Years ago, when I was working in our archdiocesan sister parish, La Sagrada Familia, in the Dominican Republic, I visited a young man in one of the villages of the parish.  He spoke with me about his family and life in the village, and soon began to talk about the level of poverty that he experienced in his daily life. He said to me, “You know, there are times when there is nothing to eat in our house.” So I asked him, “What does your family do when there is nothing to eat?”  He replied, “We go to our neighbors and ask for food.” And so I asked, “What if they refuse to give you food?” And he replied, “Oh, they always give what they have. They know that the next time around it may be they who are in need of food.”

In their poverty, the people of the village shared a bond of understanding and a willingness to give.

We began Holy Week with a reading on Palm Sunday about how the Son of God chose to enter into the poverty of our human condition to lead us to salvation:  “Christ Jesus, though he was in the form of God, did not regard equality with God something to be grasped. Rather, he emptied himself, taking the form of a slave, coming in human likeness.” (Philippians 2:6-7a)  Our Savior chose to become one like us, to experience everything that we experience – human longing, joy, sorrow, and disappointments – everything that belongs to our existence.  Out of love for humanity, he put himself in solidarity with us, and, as St. Paul tells us, “… he humbled himself, becoming obedient to the point of death, even death on a cross.”  (Philippians 2:8)

Jesus invites his disciples to take up the cross and follow. This invitation takes on a profound significance when the cross makes itself present in our lives.  Where have you encountered the cross in your own life recently? Have you experienced its weight in the death of a loved one, in a broken relationship or in the loss of employment? Have you felt its hardness in betrayal, in unjust treatment or in the scorn of others? Have you experienced the long, crushing journey of physical or emotional illness, alienation or regret?

The cross is a reality in our lives, a load we must carry, a burden we must bear.  But we do not carry it alone. The mysteries we celebrate during Holy Week help us to contemplate the cross of the One who makes our burden light. We look upon our crucified Lord and adore the One, who is exalted in his death.

The prophet Isaiah sheds light on the mystery of Jesus’ death when he writes about the Servant of the Lord. The Suffering Servant did not defend himself, did not retaliate against his persecutors. He willingly handed himself over, like a lamb led to slaughter. Even in death, the Servant was shamed, buried among the wicked. His life and death appear to be tragic, even absurd.  But Isaiah tells us, he was “pierced for our offenses.”  (Isaiah 53:5a)  The innocent one became the victim, and took on the guilt and the sins of those who afflicted him. He surrendered himself to death, and won pardon for their offenses. In his humiliation, the Servant has been lifted up.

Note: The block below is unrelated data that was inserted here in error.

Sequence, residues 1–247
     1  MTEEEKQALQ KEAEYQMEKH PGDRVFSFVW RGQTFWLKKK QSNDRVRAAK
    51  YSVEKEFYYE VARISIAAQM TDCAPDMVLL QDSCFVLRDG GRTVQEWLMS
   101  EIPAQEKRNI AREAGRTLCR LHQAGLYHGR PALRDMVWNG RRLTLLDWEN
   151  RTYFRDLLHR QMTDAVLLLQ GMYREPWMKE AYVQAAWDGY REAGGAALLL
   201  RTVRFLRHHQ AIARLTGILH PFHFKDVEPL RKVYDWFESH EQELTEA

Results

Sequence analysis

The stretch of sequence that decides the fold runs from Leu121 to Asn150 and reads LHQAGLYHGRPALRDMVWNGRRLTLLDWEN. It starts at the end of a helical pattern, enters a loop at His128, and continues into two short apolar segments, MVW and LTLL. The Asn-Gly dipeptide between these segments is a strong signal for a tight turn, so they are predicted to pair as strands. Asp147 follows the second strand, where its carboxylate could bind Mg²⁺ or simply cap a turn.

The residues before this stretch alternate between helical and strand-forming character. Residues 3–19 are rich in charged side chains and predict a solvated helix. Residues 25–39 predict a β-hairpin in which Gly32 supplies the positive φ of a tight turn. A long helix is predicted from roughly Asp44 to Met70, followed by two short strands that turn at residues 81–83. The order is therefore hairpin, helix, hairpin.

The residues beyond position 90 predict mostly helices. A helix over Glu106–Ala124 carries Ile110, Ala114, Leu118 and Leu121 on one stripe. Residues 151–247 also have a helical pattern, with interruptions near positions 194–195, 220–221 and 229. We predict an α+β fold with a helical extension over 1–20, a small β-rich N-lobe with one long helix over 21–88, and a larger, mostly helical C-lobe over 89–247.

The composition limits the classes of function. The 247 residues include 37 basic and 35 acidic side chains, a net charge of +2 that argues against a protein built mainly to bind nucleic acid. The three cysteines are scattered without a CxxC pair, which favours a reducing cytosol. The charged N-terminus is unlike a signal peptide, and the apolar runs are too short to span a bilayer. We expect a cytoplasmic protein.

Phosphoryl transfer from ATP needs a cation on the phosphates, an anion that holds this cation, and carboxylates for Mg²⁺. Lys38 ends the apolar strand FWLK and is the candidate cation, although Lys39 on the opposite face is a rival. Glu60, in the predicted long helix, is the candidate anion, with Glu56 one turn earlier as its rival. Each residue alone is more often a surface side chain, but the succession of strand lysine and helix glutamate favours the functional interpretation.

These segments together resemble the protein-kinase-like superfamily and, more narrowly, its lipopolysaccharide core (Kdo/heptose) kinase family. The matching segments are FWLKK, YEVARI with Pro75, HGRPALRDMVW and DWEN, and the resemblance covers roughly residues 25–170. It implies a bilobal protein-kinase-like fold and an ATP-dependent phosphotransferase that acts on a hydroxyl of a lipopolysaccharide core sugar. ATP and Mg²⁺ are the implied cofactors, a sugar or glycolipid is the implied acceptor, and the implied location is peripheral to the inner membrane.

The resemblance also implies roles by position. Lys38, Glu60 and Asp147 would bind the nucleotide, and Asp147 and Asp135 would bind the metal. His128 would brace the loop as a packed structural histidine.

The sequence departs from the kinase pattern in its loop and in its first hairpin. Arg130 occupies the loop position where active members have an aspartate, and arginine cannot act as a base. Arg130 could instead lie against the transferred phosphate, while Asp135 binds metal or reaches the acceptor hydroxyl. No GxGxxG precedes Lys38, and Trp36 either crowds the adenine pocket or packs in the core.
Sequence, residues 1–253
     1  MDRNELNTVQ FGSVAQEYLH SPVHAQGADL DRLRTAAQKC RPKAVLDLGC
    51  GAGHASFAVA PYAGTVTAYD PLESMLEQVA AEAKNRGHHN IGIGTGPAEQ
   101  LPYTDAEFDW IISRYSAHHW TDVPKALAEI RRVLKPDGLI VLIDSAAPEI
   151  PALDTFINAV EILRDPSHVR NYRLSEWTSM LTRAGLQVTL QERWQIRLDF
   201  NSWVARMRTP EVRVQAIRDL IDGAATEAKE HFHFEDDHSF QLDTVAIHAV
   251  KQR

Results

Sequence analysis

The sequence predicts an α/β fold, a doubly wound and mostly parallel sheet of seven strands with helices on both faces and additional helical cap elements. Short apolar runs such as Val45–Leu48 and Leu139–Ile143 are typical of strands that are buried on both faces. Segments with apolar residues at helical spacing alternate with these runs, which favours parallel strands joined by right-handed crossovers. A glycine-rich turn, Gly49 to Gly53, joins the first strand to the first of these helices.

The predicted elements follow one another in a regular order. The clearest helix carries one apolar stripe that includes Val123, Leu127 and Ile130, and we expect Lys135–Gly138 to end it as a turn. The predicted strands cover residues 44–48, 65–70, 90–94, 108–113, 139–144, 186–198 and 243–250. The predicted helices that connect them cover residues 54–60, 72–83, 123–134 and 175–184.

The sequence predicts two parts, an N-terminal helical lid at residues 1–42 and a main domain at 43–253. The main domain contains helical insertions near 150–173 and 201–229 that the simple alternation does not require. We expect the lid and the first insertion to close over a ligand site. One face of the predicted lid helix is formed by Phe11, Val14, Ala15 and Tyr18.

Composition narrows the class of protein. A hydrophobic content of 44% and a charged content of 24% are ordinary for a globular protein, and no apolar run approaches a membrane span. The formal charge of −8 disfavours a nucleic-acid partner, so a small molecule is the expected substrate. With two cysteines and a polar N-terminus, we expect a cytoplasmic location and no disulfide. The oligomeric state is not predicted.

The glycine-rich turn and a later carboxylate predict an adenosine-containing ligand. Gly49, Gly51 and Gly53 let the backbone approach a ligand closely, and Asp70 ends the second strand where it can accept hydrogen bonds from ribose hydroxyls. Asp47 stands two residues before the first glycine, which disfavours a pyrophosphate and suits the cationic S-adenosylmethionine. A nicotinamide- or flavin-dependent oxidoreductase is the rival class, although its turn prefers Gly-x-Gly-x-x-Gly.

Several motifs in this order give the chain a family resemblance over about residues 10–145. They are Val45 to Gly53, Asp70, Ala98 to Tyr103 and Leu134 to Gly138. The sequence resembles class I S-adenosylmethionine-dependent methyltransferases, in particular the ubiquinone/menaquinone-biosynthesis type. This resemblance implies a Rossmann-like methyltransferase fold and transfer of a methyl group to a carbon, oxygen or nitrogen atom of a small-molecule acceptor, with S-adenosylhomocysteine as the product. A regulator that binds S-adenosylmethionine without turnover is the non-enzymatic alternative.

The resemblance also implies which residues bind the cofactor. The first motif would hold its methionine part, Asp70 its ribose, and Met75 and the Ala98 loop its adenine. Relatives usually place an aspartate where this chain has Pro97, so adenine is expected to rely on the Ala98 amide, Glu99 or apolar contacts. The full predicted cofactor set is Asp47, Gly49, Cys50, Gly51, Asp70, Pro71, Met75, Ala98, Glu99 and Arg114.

The Letter to the Hebrews tells us that Jesus is not only the innocent victim who suffered and died, but also the great High Priest, offering the Passover sacrifice. He is one like us, who sympathizes with us, who knows our weakness, our pain and our suffering firsthand. But because he is without sin, he makes it possible for us who are sinners to stand in the presence of God. Christ, broken for us on the altar of the cross, is the great High Priest clothed not with splendorous robes but with his wounds. He passes through the veil. He bridges heaven and earth.

In the passion narrative in the Gospel according to John, Jesus willingly gives himself over to his persecutors.  Jesus’ crucifixion is portrayed as his enthronement.  He is lifted up on the cross – lifted up in triumph.  He is not conquered, but conquers sin and death.

The celebrations of Holy Week help us to recognize that the cross is a reality in our lives.  Yet, in the midst of suffering, we see victory.  In the midst of trouble, we experience hope. Our contemplation of the cross is our contemplation of Christ, Victim, Priest and King. As a people of faith, the cross stands at the center of our lives.

We are called to embrace the cross, to embrace our reality and to allow the Crucified One to lead us to new life.

As we unite our struggles with the cross of Christ, we do so knowing that what the Father did for Jesus, he will do for us. With faith in the resurrection, we find meaning in the difficulties and suffering that we encounter in life. The promise of the resurrection gives us courage and hope as we face the challenges that come our way.